New novel draws on sex trafficking as a theme

New novel draws on sex trafficking as a theme

Last week saw the book launch of British expat Guy Singer’s Cambodian Innocence at New Leaf Book Café.

The novel juxtaposes the journeys of two different twelve-year-old boys, a Cambodian boy abandoned in central London and a privileged London kid finding himself alone in rural Cambodia.

In telling the story of the boys, the book deals with themes of sex trafficking, homelessness and the battle to triumph against adversity.

The story is set in 2007 and begins with Sopheap, a victim of sex trafficking, being flown to London where a twist of fate leaves him homeless and alone.

Proud author Guy Singer with a copy of his new novel,  Cambodian Innocence.
Proud author Guy Singer with a copy of his new novel, Cambodian Innocence. Miranda Glasser

Meanwhile, the other boy, Logan, a Khmer adopted as a baby by a Western family, loses both his parents and his memory in a car accident in Kralanh, while his family is visiting Cambodia as tourists.

Singer says he got the idea for the novel after discussing a hypothetical situation with friends.

“We said, if you took a 12-year-old village Cambodian boy and dumped him in the middle of central London, and a 12-year-old Londoner and dumped him in village Cambodia, which would get on better?” says Singer.

“And that was our starting premise. I initially saw it as a short story, but I had to get the two boys into their situations. So the easiest way of getting the Cambodian boy across was sex trafficking. And that put the theme into the entire book.”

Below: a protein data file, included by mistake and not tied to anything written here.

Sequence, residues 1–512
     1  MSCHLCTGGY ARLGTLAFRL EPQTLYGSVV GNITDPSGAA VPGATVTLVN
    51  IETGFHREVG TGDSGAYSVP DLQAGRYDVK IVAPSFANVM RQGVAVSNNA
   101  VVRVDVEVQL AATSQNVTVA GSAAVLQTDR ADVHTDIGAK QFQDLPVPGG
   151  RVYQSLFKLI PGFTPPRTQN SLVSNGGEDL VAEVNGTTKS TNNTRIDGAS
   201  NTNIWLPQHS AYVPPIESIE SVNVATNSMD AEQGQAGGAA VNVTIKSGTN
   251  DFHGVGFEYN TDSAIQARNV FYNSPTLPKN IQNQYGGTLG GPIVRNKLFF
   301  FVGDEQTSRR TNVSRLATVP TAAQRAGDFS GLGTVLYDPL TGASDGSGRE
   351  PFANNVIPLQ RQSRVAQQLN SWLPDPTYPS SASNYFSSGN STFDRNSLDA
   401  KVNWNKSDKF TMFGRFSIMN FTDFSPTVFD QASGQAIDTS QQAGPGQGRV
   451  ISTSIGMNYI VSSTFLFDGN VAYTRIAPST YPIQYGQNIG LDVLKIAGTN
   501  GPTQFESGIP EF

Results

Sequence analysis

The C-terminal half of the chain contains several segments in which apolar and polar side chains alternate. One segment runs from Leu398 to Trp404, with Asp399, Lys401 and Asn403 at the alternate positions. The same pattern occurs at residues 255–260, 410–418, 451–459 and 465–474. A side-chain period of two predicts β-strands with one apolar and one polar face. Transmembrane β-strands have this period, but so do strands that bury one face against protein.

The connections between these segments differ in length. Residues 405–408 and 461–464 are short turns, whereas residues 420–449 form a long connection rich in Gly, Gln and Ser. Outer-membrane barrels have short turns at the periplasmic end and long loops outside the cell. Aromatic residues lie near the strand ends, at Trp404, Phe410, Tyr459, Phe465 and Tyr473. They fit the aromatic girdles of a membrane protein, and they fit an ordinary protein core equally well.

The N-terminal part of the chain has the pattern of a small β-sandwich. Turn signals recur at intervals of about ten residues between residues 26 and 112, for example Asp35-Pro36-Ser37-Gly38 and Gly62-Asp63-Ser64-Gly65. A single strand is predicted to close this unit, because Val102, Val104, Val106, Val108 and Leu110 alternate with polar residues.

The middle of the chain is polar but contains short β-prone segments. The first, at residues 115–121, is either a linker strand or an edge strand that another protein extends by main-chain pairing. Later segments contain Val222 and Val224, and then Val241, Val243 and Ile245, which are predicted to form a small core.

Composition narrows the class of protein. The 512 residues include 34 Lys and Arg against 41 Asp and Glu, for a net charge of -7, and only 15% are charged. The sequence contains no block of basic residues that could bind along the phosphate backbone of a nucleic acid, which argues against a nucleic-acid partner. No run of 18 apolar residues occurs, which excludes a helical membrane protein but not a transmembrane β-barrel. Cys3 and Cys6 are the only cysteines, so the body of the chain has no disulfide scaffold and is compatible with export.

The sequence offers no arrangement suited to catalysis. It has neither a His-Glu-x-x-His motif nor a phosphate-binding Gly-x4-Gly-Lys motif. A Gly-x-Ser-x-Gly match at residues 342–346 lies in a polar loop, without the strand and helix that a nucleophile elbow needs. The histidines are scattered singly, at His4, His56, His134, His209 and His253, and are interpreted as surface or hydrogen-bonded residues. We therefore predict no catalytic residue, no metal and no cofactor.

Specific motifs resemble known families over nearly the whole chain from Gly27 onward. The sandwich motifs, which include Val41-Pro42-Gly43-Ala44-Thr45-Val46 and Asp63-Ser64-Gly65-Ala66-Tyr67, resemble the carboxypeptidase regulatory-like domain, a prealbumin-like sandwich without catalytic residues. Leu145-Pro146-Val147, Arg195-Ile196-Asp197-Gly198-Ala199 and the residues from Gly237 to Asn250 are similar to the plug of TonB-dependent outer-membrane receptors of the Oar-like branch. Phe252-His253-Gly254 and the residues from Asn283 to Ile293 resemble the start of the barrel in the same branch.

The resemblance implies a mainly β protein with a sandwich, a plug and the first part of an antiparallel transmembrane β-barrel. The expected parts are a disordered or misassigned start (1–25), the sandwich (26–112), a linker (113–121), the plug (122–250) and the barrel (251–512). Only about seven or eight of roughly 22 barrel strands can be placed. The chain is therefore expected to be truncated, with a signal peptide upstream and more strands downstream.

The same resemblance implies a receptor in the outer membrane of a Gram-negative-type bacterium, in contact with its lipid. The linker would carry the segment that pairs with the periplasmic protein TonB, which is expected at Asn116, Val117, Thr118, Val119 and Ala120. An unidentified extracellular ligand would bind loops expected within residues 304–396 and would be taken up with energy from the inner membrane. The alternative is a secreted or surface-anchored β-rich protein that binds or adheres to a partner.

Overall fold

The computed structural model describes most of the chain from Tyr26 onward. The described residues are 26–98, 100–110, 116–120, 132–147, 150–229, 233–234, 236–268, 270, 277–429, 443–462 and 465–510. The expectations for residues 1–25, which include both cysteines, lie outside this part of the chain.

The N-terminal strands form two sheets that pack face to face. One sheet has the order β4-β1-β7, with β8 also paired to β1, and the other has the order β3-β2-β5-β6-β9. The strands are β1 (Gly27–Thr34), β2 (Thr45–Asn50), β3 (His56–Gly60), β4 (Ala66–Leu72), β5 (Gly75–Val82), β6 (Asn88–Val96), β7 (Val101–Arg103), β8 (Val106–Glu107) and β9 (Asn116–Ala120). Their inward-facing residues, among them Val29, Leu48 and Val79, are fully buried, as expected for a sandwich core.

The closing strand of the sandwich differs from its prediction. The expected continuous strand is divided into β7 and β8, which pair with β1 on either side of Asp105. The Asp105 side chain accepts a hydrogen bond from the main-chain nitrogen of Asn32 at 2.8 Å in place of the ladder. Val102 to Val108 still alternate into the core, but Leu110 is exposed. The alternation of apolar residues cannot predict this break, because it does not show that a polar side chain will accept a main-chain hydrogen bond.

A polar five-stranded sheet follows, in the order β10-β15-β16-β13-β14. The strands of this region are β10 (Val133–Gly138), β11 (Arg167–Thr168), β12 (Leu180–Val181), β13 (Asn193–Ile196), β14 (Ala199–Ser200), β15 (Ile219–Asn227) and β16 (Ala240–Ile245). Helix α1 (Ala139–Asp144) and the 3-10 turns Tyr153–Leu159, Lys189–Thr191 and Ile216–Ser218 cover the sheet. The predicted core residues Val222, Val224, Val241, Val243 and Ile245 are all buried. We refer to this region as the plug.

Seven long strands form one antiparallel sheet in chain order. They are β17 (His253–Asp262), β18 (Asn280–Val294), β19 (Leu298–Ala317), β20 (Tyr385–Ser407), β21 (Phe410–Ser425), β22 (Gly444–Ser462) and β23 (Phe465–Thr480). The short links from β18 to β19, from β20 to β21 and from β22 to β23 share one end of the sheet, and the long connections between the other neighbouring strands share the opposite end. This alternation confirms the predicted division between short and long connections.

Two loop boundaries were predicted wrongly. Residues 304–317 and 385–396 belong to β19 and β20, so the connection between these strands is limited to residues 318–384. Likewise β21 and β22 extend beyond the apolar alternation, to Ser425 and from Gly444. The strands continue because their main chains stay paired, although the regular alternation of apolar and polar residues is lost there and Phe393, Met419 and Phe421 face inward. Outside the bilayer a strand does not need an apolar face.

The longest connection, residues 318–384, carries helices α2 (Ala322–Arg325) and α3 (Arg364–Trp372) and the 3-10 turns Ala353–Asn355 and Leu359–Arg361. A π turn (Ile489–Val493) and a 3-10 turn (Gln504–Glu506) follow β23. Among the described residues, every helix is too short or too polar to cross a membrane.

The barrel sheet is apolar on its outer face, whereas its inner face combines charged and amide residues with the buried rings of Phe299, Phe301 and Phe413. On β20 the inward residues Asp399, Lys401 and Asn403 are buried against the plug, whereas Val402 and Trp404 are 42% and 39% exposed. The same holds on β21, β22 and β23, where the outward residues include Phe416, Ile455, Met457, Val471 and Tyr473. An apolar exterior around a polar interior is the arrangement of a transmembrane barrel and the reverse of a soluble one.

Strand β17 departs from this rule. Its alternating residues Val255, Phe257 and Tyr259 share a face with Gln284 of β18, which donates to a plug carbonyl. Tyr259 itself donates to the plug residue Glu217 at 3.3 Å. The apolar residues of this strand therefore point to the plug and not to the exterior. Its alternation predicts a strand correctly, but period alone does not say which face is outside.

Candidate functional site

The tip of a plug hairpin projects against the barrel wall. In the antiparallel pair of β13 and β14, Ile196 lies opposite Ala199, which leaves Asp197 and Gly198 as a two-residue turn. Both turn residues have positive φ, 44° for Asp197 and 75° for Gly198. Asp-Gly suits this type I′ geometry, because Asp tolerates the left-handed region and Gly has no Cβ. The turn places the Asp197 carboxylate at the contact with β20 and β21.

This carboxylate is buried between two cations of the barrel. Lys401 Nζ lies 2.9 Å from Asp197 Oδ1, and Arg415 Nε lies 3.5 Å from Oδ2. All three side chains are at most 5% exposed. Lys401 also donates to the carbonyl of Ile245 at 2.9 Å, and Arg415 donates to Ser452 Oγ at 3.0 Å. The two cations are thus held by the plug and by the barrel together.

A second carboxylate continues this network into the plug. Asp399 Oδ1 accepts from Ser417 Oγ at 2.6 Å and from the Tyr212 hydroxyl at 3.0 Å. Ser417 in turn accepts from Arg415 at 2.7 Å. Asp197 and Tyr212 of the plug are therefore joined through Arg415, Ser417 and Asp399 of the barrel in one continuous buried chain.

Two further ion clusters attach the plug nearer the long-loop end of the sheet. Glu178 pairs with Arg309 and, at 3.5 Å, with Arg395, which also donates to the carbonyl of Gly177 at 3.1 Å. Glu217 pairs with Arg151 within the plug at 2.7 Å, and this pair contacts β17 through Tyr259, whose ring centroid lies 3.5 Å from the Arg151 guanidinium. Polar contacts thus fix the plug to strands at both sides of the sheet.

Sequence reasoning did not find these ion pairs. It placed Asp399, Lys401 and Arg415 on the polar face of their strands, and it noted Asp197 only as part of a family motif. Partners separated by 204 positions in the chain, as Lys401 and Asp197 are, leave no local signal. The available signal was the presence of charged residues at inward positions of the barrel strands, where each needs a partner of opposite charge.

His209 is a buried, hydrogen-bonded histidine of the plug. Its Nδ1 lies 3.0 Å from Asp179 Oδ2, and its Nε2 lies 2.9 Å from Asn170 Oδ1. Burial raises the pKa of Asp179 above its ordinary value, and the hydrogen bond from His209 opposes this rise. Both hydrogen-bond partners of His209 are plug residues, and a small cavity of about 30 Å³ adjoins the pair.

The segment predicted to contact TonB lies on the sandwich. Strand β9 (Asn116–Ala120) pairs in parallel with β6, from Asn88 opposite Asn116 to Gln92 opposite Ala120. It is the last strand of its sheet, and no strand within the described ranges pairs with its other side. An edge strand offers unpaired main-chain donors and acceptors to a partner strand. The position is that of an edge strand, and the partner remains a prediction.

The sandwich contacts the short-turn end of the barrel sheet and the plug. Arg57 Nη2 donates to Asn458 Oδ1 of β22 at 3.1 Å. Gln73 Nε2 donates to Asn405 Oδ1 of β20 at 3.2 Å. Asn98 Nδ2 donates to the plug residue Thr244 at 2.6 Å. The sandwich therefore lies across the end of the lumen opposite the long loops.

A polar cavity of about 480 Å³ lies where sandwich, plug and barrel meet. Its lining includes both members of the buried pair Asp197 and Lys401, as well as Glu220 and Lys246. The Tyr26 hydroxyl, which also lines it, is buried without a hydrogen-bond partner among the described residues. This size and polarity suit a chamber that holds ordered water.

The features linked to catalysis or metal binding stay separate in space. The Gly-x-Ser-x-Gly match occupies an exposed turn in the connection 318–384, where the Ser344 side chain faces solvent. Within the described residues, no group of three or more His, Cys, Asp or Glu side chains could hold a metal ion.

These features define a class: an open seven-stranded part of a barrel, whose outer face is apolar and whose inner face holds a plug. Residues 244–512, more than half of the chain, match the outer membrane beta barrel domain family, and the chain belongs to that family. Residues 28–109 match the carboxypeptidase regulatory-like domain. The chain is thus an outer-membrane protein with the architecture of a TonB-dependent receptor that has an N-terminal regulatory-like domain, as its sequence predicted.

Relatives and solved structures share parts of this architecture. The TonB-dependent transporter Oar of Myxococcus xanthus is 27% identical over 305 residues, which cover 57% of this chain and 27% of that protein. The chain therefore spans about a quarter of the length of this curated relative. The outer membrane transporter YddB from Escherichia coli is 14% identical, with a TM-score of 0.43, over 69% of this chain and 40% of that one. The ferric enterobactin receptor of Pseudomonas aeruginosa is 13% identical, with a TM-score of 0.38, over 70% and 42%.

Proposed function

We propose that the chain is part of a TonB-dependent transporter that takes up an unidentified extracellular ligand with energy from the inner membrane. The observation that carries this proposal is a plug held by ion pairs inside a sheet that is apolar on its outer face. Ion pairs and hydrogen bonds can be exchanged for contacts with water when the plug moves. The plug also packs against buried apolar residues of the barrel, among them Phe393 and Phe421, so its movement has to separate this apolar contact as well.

What started off as a short story soon became a 70,000 word novel, which took him just four months to write. Londoner Singer, who has lived in Siem Reap for 15 months, says he took inspiration for some of the characters and plot devices from various people he has met.

“There’s one scene in the book where the monks in the temple play a prank on the new temple boy, and they dress up as ghosts to scare him – that’s a real life story.”

Despite the dark themes, Singer says the book has a positive bent to it.

“It’s a black story in as much that it deals with a dark subject – sex trafficking is a fact of life whether we like it or not,” he says. “But the book deals with it in a non-graphic way – it’s not a cheap sex thriller at all. And let’s just say the good guys all win in the end.”

Singer is already close to finishing the sequel to Cambodian Innocence, a tome called Cambodian Boxer, dealing with the people who go and work on the building sites in Thailand.

Cambodian Innocence can be downloaded at www.cambodianinnocence.com or on e-publishing website www.smashwords.com for $3. Printed copies can be purchased from Singer for $5, or at New Leaf Book Café..

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